Implementation of affects in artificial systems through MDPs

Jesse Hoey, Tobias Schröder, Areej Alhothali, Affect control processes: Intelligent affective interaction using a partially observable Markov decision process, Artificial Intelligence, Volume 230, January 2016, Pages 134-172, DOI: 10.1016/j.artint.2015.09.004.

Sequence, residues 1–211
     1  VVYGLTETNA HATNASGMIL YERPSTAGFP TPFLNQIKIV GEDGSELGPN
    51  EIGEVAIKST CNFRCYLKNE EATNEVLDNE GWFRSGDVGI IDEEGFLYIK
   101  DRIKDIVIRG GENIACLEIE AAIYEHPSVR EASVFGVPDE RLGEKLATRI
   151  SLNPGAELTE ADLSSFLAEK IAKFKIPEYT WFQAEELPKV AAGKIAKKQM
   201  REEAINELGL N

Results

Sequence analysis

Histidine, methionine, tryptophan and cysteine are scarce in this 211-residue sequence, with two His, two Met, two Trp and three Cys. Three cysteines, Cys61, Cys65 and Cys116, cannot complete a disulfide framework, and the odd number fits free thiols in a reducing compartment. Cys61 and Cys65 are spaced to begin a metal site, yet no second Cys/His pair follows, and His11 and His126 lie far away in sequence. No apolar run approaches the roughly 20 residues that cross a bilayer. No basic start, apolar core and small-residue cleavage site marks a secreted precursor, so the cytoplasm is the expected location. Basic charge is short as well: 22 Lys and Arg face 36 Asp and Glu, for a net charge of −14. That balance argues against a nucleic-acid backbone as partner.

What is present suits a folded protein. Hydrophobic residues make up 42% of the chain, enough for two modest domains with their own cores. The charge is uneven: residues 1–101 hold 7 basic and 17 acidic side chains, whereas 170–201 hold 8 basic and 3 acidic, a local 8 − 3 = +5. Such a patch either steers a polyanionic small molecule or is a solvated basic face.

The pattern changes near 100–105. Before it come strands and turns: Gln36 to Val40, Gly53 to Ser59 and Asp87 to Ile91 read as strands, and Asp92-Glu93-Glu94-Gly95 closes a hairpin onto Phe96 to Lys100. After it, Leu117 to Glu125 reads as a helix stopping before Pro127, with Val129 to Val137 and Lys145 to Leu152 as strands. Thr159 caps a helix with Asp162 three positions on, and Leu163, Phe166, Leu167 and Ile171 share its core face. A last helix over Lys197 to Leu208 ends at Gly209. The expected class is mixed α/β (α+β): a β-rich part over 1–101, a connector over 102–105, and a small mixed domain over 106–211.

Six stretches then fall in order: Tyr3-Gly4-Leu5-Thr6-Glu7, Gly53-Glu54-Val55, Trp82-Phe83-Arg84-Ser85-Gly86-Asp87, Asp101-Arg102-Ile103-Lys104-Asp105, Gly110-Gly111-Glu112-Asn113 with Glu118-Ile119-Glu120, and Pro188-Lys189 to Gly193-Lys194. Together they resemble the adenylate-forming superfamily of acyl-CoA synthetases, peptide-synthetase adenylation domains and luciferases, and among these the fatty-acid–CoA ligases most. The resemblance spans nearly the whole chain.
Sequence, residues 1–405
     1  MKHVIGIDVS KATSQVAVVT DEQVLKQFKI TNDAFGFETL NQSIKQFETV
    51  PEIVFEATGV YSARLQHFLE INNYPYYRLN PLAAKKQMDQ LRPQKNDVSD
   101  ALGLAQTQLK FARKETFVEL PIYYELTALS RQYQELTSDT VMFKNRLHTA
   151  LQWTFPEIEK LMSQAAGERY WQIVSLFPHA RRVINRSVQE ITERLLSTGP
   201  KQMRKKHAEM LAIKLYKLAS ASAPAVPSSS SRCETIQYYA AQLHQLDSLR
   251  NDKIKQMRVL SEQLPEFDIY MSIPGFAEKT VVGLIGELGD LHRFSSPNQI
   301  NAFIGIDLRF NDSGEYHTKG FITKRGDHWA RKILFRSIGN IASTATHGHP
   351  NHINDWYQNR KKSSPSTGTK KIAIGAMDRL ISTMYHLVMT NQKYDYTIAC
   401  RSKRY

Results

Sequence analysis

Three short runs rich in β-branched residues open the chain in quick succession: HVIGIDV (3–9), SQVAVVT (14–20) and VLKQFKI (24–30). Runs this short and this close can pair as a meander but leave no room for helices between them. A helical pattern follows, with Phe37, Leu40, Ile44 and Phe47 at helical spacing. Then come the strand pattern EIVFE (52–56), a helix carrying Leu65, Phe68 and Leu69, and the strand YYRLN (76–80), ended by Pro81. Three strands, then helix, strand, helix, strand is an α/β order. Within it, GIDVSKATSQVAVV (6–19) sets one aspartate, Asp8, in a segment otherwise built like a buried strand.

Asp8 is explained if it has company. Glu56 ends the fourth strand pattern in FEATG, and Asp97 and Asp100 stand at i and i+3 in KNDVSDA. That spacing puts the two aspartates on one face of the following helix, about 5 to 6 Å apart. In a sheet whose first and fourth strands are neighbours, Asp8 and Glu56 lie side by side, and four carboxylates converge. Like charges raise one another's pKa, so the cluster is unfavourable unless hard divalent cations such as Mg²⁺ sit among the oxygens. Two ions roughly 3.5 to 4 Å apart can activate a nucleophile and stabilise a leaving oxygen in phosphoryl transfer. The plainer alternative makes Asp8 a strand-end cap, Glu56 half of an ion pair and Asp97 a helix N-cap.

This paper describes a novel method for building affectively intelligent human-interactive agents. The method is based on a key sociological insight that has been developed and extensively verified over the last twenty years, but has yet to make an impact in artificial intelligence. The insight is that resource bounded humans will, by default, act to maintain affective consistency. Humans have culturally shared fundamental affective sentiments about identities, behaviours, and objects, and they act so that the transient affective sentiments created during interactions confirm the fundamental sentiments. Humans seek and create situations that confirm or are consistent with, and avoid and suppress situations that disconfirm or are inconsistent with, their culturally shared affective sentiments. This “affect control principle” has been shown to be a powerful predictor of human behaviour. In this paper, we present a probabilistic and decision-theoretic generalisation of this principle, and we demonstrate how it can be leveraged to build affectively intelligent artificial agents. The new model, called BayesAct, can maintain multiple hypotheses about sentiments simultaneously as a probability distribution, and can make use of an explicit utility function to make value-directed action choices. This allows the model to generate affectively intelligent interactions with people by learning about their identity, predicting their behaviours using the affect control principle, and taking actions that are simultaneously goal-directed and affect-sensitive. We demonstrate this generalisation with a set of simulations. We then show how our model can be used as an emotional “plug-in” for artificially intelligent systems that interact with humans in two different settings: an exam practice assistant (tutor) and an assistive device for persons with a cognitive disability.

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